Child Sex Abuse: Criminally Liable Institutions Could Be Ordered to Pay Compensation

By Jane Lee
Sydney Morning Herald
July 17, 2015

New crimes might include negligently being responsible for child sexual abuse and negligently failing to remove a risk of child sexual assault, the report said. Photo: Dmitri Maruta

Courts could order institutions held criminally responsible for child sexual abuse to compensate victims, a report says.

The report, published on the Royal Commission into Institutional Responses to Child Sexual Abuse's website on Friday, said organisations should be held criminally liable for abuse perpetrated by people linked to them, because targeting only offenders did not offer victims complete justice.

The criminal justice system focused only on individual offenders, with sentences varying in different states and territories, it said. This failed to recognise organisations' contribution to the problem.

The report also criticised the "swathes of laws to extend the custody of sex offenders and restrict their activities and movements" such as detention orders and extended supervision, saying they were aimed more at quelling public fears than at reducing crime.

"An organisation should be held criminally responsible for the creation, management and response to risk when it has materialised in harm to a child," the report's co-authors, criminologists Professor Arie Freiberg, Karen Gelb and Hugh Donnelly, said.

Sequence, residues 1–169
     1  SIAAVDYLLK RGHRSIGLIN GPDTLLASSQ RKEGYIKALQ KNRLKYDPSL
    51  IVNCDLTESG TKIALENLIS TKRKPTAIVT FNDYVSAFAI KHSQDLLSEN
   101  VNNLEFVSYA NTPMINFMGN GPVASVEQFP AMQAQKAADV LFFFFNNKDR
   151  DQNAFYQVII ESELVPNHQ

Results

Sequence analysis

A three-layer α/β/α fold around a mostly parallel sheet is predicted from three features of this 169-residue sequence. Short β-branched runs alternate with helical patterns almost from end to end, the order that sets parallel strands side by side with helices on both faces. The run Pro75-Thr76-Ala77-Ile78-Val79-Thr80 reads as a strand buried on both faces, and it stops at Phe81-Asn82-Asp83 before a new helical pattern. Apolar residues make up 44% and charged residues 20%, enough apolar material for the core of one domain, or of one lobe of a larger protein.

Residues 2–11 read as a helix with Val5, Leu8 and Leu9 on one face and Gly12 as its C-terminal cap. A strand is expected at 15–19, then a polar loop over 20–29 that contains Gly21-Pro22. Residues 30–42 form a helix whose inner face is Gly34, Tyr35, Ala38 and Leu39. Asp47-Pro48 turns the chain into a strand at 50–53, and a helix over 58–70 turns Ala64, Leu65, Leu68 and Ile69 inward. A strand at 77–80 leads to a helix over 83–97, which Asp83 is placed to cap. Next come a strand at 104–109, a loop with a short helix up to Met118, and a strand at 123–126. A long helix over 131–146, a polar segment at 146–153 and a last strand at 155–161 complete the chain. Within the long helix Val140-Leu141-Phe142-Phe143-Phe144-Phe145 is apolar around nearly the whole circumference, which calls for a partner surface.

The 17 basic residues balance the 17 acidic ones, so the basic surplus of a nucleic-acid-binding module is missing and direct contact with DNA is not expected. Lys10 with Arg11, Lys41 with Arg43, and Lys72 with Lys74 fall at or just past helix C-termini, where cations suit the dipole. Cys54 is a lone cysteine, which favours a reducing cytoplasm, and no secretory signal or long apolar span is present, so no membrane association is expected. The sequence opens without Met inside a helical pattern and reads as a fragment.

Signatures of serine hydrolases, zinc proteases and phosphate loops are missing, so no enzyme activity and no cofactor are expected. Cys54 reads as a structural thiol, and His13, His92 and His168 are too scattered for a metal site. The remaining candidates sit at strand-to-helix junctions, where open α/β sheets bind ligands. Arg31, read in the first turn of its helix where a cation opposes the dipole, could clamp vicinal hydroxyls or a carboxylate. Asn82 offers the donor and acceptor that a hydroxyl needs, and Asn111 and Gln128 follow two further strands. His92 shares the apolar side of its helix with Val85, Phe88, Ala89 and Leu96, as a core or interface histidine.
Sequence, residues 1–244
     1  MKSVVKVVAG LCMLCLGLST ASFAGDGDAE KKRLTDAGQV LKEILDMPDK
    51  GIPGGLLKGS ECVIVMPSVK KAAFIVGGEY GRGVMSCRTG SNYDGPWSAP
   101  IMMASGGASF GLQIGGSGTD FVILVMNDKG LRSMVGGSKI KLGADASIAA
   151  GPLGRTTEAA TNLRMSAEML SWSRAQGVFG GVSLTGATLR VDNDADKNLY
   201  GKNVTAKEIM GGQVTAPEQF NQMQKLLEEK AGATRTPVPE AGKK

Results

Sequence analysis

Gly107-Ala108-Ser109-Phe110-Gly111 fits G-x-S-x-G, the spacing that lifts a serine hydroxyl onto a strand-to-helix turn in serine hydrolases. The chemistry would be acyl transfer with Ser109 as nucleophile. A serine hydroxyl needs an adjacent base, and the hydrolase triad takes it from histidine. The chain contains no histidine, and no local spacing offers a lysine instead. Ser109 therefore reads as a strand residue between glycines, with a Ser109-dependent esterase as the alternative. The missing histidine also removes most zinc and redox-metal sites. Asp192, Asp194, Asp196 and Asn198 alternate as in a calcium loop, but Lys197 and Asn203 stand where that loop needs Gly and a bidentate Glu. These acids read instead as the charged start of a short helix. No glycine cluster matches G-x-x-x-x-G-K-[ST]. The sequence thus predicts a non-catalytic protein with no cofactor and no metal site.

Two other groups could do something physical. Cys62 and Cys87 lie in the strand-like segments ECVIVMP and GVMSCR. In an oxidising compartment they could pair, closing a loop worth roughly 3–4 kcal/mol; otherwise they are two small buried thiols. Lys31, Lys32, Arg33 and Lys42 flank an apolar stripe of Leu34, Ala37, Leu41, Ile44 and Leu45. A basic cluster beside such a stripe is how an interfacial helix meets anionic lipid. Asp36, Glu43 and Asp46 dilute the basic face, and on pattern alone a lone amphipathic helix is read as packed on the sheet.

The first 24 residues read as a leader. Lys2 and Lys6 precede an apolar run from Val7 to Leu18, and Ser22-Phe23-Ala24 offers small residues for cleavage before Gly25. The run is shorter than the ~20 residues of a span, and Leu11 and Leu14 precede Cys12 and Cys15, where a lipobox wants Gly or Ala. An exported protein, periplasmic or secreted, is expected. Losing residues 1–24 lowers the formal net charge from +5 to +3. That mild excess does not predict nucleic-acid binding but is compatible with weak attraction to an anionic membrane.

The president of the royal commission, Justice Peter McClellan, flagged on Wednesday that he was considering the report's findings ahead of its publication.

New crimes could capture a wide range of organisations and people associated with them, not just employees. They might include negligently being responsible for child sexual abuse and negligently failing to remove a risk of child sexual assault.

They could also carry penalties, including court orders, that required institutions to compensate victims, or to appoint, remove or train certain staff, to prevent future abuse.

Most of the orders for sex offenders were rarely used and many were based on myths and misconceptions about them.

"Despite the commonly held view that most sex offenders will reoffend after sentencing, the evidence does not support this," the report said.

"Research based on official reports of offending and self-reports of offenders consistently shows that sex offenders typically have lower rates of recidivism following sentencing than other types of offender, and these rates vary for different sub-groups of sex offender."

The report said lengthening "already high maximum penalties" for offenders would not necessarily make a difference to crime rates or the way judges punished offenders.

Victims took about 22 years on average to report abuse, which made it difficult for many cases to get to the point of prosecution: "Attrition rates are very high and, accordingly, very few offenders are held to account, and only a small number of victims ever feel vindicated through this process."

Lawyer Angela Sdrinis, who specialises in child sexual abuse cases, said she generally supported creating crimes for organisations, saying they were "part of the solution."

She said a mechanism should be included that would allow victims to apply to sentencing judges for compensation from the institution to overcome current barriers that made it difficult for victims to sue organisations for abuse.

Victoria, Tasmania and Western Australia are currently the only states that offer such applications.








Any original material on these pages is copyright © 2004. Reproduce freely with attribution.